My stress level has plummeted over the past two weeks or so, and I know a lot of it is that I no longer have to try to keep so much stuff in my head. I’m sleeping better, and I’m seeing results.

Using a tip from an episode of the Clutterbug podcast, I set up a Google calendar. It’s nice because you can access it from just about any device, and you can sync it with Alexa, which I find very helpful to my ADD brain.

Clean Start

How Big Is Your Elephant?

Photo by Magda Ehlers from Pexels

When the going gets tough, the tough get real. Or something like that. I’m not all that tough, but I feel like I’m up to my elbows in alligators and I’m not ready to give up yet.  My previous post was an emotional purge, an apology for supposing I might have anything useful to say, and perhaps a sample of a low mark on a bipolar roller coaster. (My husband says that sometimes I’m hard to be around; I tell him sometimes I’m hard to be. For better or worse, Mister.) 

So, I’ve been “dealing with” this problem of how to get my life back on track for some time now. 

I have been listening to books and podcasts like The Life Changing Magic of Tidying Up by Marie Kondo and The Clutterbug Podcast (which I love!), and motivational books like Girl, Wash Your Face by Rachel Hollis (also great), and anything else that might be helpful. 

I’ve been trying out different planners: apps, binders with cute stickers, printables. (Ugh, by the way.)

I’ve been researching alternative points of sale, running numbers to evaluate sales channels, researching suppliers, and looking for other ways to make the business work. 

In other words, I’ve throwing a lot of darts. In most cases, I’m working backwards, finding a shiny a solution and trying to make it fit one of my problems… 

Sometimes my brains just fizzes and I accomplish nothing, not because I’m not doing anything, but because I’m doing too many things. Well, starting too many things. I don’t finish much. (I told you, I’m hard to be.)

Then, I read a blog post today by Allie from HeyMom,NowWhat that I found really helpful. Of course I’d heard it before, but it was a good reminder. “How do you eat an elephant? One bite at a time.”

Allie was concerned about getting prepared for Christmas. I could only wish for such a palatable pachyderm, so tiny, tasty, and tender. Alas, that one is Allie’s (and I wish her well!) But the principle applies, and I decided to put it to use. The first bite was a big one, and it took me a full day of contemplation. You might say I had to chew it over a bit. Here is what I came up with.

PROBLEMS

  • Too much stuff
    • can’t find things,
    • can’t enjoy home
  • Too much debt
  • Business 
    • too much time managing inventory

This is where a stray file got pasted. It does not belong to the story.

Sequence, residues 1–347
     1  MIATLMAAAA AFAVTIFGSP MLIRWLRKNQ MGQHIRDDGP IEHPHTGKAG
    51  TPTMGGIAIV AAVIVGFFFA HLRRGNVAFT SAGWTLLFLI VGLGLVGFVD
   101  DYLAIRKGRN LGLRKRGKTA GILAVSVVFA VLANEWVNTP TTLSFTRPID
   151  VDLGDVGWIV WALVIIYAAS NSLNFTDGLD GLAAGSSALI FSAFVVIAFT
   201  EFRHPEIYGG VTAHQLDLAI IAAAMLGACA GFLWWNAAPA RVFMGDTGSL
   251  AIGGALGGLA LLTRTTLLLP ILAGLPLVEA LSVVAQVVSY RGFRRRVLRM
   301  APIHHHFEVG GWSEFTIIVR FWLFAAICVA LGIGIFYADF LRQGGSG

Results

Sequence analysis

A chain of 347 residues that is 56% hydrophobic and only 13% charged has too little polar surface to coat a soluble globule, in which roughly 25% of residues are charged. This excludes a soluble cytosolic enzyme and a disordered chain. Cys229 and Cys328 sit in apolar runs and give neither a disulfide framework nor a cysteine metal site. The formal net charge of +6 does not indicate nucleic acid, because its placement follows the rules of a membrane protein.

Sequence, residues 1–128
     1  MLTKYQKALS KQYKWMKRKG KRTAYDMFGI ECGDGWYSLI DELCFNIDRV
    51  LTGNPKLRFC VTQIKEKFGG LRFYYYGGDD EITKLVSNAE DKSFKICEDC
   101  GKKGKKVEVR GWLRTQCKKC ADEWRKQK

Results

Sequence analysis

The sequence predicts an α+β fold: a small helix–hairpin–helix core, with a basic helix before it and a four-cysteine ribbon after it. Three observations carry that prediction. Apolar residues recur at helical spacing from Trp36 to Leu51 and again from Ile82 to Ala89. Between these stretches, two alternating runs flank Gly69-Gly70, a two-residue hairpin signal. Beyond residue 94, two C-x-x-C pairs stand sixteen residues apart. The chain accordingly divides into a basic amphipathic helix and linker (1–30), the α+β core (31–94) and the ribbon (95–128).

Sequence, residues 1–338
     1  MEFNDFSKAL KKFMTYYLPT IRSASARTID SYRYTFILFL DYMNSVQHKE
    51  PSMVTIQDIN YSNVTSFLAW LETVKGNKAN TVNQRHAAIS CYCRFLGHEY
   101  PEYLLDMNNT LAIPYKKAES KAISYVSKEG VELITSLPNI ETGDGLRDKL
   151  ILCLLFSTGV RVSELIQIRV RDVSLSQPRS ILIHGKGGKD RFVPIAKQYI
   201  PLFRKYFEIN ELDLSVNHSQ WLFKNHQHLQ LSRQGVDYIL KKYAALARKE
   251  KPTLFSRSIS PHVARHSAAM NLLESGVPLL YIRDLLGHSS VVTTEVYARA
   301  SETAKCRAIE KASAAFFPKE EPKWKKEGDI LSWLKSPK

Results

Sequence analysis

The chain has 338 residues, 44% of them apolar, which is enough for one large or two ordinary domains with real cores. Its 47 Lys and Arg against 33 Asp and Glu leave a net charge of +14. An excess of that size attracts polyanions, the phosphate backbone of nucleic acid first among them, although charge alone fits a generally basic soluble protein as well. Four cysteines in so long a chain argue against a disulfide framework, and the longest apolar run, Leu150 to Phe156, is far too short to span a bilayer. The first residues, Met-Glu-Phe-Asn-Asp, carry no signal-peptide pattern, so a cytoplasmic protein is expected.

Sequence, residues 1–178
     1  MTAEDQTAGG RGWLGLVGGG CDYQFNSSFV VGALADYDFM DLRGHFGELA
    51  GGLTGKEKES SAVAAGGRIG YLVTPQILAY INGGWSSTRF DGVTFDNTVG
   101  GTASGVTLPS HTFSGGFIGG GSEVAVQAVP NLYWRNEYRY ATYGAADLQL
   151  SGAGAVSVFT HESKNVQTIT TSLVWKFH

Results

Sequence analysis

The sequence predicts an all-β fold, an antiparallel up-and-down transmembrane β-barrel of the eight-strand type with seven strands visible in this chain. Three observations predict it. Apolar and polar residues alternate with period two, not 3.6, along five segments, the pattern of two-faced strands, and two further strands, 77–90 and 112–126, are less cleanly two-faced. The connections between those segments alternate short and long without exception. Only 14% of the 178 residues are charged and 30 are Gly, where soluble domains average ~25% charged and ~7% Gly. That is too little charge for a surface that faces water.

• too unfocused
    • too many competitors
    • not really enjoying it
  • Prefer to work from home

SOLUTIONS

  • Sell some stuff to:
    • pay some debt
    • have a less cluttered home.
  • Business
    • Immediately reduce number of sales channels by 2 or 3
    • Discount/auction non-core products for quick sale
    • Re-evaluate finances, environment, and happiness in June.

How big is your elephant? Do you need to write a term paper or plan a wedding? Start a business? Buy a house? Get the dishes done? Get dressed? (I get it. Some days are hard like that.) Remember, you can always ask for help. ❤

 

Clean Start

“Metaphormorphosis”

I’m dying. I am dying and I do not want to leave a house full of bric-a-brac and a bunch of paperwork for my family. I do not want to leave three rooms full of fabric and yarn and beads for them to try to make sense of.  Or a bunch of albums and tubs and boxes full of unmarked photographs and truckload of family-flavored guilt. I want them to say good-bye, bury me, and get on with life without dragging me and all my stuff along with them for the next 30 years.  

Since I know some of my readers know and care about me, let me assure you I have no specific information that I should expect to die soon. But I lost my biological father and my aunt when I was six, and my mom passed at 47. I have an unhealthy obsession with early death and have been expecting it any day for some time now.

I walked into my sewing room with my husband one day last week and he made a sound of… something. Shock, maybe. I couldn’t look at him I was so ashamed.

“I know.  This room is a metaphor for my life.”
“No kidding,” he said, backing out carefully. We haven’t spoken of it since.

 And this blog is the “metaphormorphosis” of my life. The symbol and means of navigating a life transformation. I made that up, of course, and it’s likely flawed but I’m going with it.